Solar cells get skinny
Most efforts to improve photovoltaics have focused on increasing energy conversion efficiency or lowering manufacturing costs, but what would happen if the size of the cell were shrunk?
Engineers at MIT in Cambridge, Mass., are using computer modeling to help answer that question, aiming to produce the thinnest and most lightweight solar panels possible. Such panels, which have the potential to surpass any substance other than reactor-grade uranium in terms of energy produced per pound of material, could be made from stacked sheets of one-molecule-thick materials such as graphene or molybdenum disulfide.
Although considerable attention has been devoted to 2-D materials such as graphene over the past several years, there has been little study of their potential for solar applications, said Jeffrey Grossman, the Carl Richard Soderberg associate
professor of power engineering at MIT. As it turns out, “They’re not only OK, but it’s amazing how well they do.”
A team at MIT has found that an effective solar cell could be made from a stack of two one-molecule-thick materials: Graphene (shown at bottom in blue) and molybdenum disulfide (above, with molybdenum atoms shown in red and sulfur in yellow). The two sheets together are thousands of times thinner than conventional silicon solar cells. Photo courtesy of Jeffrey Grossman and Marco Bernardi.
Two layers of such atom-thick materials could yield solar cells with 1 to 2 percent efficiency in converting sunlight to electricity, Grossman’s team predicts. That’s low, compared with the 15 to 20 percent efficiency of standard silicon solar cells, he said, but it is achieved using material thousands of times thinner and lighter than tissue paper. The two-layer cell is only 1 nm thick; typical silicon solar cells can be hundreds of thousands of times that. Stacking several of the 2-D layers could boost the efficiency significantly.
“Stacking a few layers could allow for higher efficiency, one that competes with other well-established solar cell technologies,” said Marco Bernardi, a postdoc in MIT’s Department of Materials Science. Maurizia Palummo, a senior researcher at the University of Rome who is visiting MIT, also contributed to the research.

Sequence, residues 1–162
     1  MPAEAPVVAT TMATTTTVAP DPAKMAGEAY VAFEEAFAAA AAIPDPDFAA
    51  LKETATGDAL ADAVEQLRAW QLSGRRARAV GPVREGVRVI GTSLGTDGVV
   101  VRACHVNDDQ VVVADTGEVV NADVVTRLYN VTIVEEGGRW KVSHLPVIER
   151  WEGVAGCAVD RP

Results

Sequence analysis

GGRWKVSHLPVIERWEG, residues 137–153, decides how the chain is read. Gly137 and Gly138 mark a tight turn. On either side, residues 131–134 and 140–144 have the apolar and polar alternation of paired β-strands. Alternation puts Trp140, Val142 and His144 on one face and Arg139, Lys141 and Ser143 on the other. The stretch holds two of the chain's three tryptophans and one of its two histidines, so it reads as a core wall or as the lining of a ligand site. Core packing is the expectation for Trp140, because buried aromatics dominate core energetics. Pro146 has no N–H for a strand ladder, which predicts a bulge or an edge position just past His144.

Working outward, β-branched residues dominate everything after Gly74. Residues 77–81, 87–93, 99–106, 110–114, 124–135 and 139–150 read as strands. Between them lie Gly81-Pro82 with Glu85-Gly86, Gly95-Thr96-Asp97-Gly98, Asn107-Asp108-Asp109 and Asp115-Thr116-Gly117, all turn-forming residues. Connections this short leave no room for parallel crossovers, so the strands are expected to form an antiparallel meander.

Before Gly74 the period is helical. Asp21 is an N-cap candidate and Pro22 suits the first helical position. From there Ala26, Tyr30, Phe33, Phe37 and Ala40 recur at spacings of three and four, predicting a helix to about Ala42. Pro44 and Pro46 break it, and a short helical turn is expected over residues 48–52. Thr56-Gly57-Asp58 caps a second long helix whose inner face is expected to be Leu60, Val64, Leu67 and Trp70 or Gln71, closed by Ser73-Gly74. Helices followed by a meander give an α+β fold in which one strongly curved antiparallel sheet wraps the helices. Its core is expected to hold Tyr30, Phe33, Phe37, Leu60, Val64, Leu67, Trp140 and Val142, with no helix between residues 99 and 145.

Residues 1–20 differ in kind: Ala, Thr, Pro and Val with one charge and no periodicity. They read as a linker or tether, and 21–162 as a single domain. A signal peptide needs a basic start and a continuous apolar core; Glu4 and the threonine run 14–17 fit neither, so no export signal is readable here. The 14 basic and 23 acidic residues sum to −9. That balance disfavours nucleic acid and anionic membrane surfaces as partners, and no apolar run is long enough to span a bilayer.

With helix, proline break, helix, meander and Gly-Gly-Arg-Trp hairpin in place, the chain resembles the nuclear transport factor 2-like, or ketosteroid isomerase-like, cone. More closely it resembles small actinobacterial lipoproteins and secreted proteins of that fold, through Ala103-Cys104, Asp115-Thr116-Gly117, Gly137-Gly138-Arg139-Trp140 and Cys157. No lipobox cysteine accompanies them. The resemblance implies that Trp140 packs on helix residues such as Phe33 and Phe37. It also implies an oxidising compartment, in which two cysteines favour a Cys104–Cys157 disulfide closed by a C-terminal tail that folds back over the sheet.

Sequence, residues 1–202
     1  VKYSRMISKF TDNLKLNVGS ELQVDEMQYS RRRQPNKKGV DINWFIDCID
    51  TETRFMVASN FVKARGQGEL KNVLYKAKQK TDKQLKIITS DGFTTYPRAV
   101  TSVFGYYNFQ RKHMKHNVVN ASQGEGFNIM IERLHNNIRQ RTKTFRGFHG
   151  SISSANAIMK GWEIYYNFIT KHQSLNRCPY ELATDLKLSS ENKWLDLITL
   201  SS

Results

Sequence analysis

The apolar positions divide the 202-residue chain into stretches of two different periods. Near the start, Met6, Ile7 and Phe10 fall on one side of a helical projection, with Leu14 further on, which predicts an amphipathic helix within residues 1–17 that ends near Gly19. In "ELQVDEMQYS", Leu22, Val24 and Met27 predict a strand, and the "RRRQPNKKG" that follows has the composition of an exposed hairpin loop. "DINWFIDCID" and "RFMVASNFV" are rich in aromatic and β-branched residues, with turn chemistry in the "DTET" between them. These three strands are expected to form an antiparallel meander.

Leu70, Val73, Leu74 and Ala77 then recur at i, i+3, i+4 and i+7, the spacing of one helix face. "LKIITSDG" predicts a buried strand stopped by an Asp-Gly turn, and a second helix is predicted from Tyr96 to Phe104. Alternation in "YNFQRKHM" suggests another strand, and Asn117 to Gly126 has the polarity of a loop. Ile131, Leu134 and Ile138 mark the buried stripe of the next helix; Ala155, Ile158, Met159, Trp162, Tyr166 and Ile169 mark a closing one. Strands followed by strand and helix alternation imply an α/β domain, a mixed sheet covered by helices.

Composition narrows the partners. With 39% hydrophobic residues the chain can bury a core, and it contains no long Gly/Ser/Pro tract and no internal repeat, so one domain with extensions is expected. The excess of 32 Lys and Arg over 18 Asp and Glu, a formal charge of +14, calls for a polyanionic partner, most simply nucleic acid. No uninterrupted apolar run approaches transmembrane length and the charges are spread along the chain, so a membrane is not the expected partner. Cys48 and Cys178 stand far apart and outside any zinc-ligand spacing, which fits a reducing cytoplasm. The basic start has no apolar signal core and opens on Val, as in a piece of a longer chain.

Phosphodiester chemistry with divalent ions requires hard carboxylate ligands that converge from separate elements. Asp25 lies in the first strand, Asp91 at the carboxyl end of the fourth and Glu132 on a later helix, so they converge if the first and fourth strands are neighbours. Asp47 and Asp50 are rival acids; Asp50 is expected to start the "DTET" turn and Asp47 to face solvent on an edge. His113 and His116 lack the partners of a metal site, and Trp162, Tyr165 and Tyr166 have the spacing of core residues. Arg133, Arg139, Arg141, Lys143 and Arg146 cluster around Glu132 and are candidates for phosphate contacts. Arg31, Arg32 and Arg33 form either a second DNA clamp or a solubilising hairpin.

These lightweight cells, Bernardi said, could have great potential for applications where weight is a crucial factor – such as in spacecraft or aviation or for use in remote areas of the developing world, where transportation costs are significant. Pound for pound, he said, the new solar cells produce up to 1000 times more power than conventional photovoltaics.
Given their 1-nm thickness, “You couldn’t make a solar cell any thinner,” Grossman said.
The slender size is not only advantageous in shipping, but also in ease of mounting solar panels. About half the cost of today’s panels is in support structures, installation, wiring and control systems, expenses that could be reduced through the use of lighter structures.
The material itself is also much less expensive than the highly purified silicon used for standard cells – and because the sheets are so thin, they require only minuscule amounts of the raw materials.
This work is “just the start,” Grossman noted. For one thing, molybdenum disulfide and molybdenum diselenide – the robust, stable materials used here – are just two of many 2-D materials whose potential could be studied, to say nothing of different combinations of materials sandwiched together.
“There’s a whole zoo of these materials that can be explored,” he said. “My hope is that this work sets the stage for people to think about these materials in a new way.”
Although no large-scale methods for producing molybdenum disulfide and molybdenum diselenide currently exist, this is an active area of research. Manufacturability is “an essential question,” Grossman said, “but I think it’s a solvable problem.”
The group is now working to produce an atom-thick device. The work appears in Nano Letters (doi: 10.1021/nl401544y).
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